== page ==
Gathering my thoughts, I said, eventually, "It's your look."

I went on. "You see, my friend, I can see that you're not just wondering how to get to Taunton. You've got a faraway look in your eye, as if you're contemplating navigation challenges, and aches and pains too, way beyond Taunton."

"Yes," he said. "I am! And I need better maps!"

"And, if I'm not mistaken," I continued, "I can see you've faced many a challenge already over the last few days?"

This he emphatically agreed with. In the two previous days, he said he'd faced rain and stiff easterly winds. He revealed his weariness by adding, "It's a helluvah undertaking, the darn end-to-end".

"Certainly," I said. "But you see, your weariness is making you stronger - because you didn't give up. And that faraway thinking - why, that shows you've got your mind on the destination!"

"I have, indeed," he said. "I've been thinking, if I've got this far, and if I can just keep going . . ."

He raised one foot on to a pedal, and swung the front wheel in the direction I had indicated. "And you?" he asked. "Who are you, and what are you up to?"

"Me?" I replied. "I walk a bit now and then."

"And your name?"

"Call me Matt," I said, adding as I moved down the lane, "Matt Basher." He hadn't heard. He was pedaling strenuously, his head up, his spirits renewed, his mind on distant horizons. Softly, I walked on, as Matt Basher or Matsuo Bashō, trying to forget my sore ankle and aching body and become one with the land and its past.

Was the biker a ghost of someone who had passed this way before? No, he was real.

And what is this affected musing really all about?  On Day N27,  I  quoted Linda Cracknell, who put in words what most long-distance hikers feel: the trail is like a line along which one moves from start to finish, in contrast to a hiker who goes to a certain locale and roams around in it. The long-distance hiker's "line" is the more defined in that it very often starts for reasons important in the hiker's larger existence - perhaps a death in the family, retirement,  graduation, or an epiphany of some sort. And, when the line ends, a new beginning starts. The hike itself is then something even more: it is a spiritual event that divides two parts of one's life.  With this, its character assumes more importance than mere sweat, pain and sightseeing.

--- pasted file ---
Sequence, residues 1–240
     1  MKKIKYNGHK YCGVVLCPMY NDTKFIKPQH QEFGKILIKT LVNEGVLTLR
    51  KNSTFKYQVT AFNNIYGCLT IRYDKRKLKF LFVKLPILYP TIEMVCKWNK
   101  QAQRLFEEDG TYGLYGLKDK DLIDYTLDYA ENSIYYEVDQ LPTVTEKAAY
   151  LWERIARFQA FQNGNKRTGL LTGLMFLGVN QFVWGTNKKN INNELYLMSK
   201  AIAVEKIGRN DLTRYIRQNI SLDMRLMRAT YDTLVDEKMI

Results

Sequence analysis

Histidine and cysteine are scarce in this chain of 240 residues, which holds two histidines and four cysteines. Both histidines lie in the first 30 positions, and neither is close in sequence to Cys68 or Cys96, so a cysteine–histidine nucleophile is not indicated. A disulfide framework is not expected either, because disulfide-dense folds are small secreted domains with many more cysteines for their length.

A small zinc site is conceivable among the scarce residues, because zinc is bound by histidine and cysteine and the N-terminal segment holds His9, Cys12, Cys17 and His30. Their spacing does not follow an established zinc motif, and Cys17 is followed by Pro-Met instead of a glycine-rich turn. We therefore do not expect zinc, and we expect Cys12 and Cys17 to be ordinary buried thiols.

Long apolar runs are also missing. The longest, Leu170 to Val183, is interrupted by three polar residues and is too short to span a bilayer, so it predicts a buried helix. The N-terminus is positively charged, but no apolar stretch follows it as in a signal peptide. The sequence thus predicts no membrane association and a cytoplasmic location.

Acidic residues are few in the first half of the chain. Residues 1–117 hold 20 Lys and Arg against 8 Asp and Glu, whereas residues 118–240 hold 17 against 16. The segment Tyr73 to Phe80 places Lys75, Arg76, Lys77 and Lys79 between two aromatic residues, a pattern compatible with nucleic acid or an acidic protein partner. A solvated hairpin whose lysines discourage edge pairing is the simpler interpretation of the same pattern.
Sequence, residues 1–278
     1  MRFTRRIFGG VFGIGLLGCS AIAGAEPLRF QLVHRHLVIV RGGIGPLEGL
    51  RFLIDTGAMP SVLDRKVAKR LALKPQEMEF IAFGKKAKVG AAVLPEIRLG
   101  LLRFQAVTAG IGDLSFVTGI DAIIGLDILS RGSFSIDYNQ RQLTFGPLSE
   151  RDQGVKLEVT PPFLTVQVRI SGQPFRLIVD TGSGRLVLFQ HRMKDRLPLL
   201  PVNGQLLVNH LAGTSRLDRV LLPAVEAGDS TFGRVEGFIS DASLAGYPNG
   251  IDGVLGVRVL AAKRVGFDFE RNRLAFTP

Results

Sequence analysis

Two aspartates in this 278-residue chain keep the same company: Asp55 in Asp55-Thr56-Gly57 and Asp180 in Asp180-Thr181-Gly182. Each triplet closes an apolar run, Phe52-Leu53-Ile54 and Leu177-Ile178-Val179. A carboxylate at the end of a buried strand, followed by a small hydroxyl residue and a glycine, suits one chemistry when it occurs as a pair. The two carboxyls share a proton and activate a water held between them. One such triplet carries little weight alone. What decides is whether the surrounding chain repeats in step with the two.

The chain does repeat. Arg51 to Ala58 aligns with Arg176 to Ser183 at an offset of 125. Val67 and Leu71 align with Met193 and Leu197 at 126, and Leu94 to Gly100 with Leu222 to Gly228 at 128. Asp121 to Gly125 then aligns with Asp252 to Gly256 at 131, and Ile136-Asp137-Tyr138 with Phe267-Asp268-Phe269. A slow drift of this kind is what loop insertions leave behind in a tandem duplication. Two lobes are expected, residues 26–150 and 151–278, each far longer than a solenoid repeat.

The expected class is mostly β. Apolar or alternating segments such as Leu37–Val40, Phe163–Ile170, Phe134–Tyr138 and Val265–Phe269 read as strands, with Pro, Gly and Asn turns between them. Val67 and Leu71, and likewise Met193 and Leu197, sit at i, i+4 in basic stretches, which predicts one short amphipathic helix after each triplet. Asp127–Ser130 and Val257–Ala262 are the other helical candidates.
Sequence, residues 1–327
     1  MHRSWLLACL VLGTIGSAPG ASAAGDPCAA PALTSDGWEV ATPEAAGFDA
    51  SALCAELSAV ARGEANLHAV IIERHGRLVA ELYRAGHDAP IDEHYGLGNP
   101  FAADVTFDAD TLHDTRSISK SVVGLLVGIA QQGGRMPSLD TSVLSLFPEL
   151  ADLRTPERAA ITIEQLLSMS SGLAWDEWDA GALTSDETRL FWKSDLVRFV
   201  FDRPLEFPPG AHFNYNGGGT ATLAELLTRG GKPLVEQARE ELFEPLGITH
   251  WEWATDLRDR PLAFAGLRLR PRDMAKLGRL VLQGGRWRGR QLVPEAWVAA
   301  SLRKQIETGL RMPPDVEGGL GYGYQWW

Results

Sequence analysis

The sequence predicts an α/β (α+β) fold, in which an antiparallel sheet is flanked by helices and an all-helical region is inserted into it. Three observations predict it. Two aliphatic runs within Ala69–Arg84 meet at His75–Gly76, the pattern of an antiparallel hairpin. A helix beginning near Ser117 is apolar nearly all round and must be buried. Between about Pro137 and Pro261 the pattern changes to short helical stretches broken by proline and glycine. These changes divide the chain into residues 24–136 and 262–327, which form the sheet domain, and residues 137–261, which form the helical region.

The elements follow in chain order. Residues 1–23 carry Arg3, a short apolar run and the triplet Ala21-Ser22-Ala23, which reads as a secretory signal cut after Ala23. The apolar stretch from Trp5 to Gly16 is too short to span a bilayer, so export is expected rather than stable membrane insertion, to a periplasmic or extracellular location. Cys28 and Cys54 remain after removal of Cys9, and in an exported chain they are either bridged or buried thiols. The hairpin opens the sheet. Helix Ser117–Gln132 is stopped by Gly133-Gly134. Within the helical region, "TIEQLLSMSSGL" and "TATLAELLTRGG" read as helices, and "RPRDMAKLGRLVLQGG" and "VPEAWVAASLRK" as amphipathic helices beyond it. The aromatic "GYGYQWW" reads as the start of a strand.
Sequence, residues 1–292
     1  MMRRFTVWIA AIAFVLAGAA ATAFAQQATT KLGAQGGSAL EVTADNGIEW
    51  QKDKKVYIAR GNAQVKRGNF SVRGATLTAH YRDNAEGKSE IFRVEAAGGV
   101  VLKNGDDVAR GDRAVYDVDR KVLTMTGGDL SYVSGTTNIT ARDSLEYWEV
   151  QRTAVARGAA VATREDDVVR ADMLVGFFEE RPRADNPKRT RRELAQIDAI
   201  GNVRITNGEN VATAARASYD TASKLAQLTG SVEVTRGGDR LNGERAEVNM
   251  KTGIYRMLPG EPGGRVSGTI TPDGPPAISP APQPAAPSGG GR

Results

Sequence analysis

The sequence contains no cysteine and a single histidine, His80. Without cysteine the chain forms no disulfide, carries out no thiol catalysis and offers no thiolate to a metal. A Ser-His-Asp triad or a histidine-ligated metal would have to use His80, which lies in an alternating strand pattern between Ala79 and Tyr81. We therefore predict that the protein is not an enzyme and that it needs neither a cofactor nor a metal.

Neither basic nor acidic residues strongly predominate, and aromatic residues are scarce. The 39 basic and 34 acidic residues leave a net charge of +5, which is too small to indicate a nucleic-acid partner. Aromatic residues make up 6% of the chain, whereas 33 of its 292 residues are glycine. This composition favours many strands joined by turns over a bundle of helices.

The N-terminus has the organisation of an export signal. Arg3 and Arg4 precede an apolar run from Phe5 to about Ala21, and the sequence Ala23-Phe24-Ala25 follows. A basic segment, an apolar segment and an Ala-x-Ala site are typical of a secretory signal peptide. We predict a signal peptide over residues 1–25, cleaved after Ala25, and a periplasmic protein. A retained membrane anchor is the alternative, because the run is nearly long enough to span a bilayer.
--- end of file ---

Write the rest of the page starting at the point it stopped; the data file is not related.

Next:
Linda's recent writings mention Richard Long, a walking artist who wrote (as the National Galleries of Scotland quotes):
"My materials are elemental: stone, water, mud, days, nights, rivers, sunrises. And our bodies are elemental: we are animals, we make marks, we leave traces, we leave footprints." Long's elements are so starkly tangible that their meaning becomes spiritual.

I relate easily to Linda's line and Long's elements, but I also have another metaphor for a long-distance hike. I relate the hike to a river which flows from its source to the ocean, composed of both river bed and water. Just as one can ask how the water can be the river if the river is fixed but the water flows. . . so one can construe the end-to-end hike as much more than the trail, but also the hikers, who spend two or three months on it, and flow like water in a river bed from start to finish. Then a hiker can only view the end-to-end hike through his memories. The end-to-end hike still lives on in situ as other hikers follow, but their passage is ultimately spiritual also.

And so you can see how I understand Matsuo Bashō's soft step and spiritual journey, and -  ten introspective weeks since setting out - I am able to flow with his thoughts for a while, and let them distract me from sweat, aches and sightseeing. And you can understand how these feelings influenced my strange encounter with the lost cyclist of Higher Cross.
DS56 Lambs
Day S55                                   © 2007 and 2008 Daryl May                                   Day S57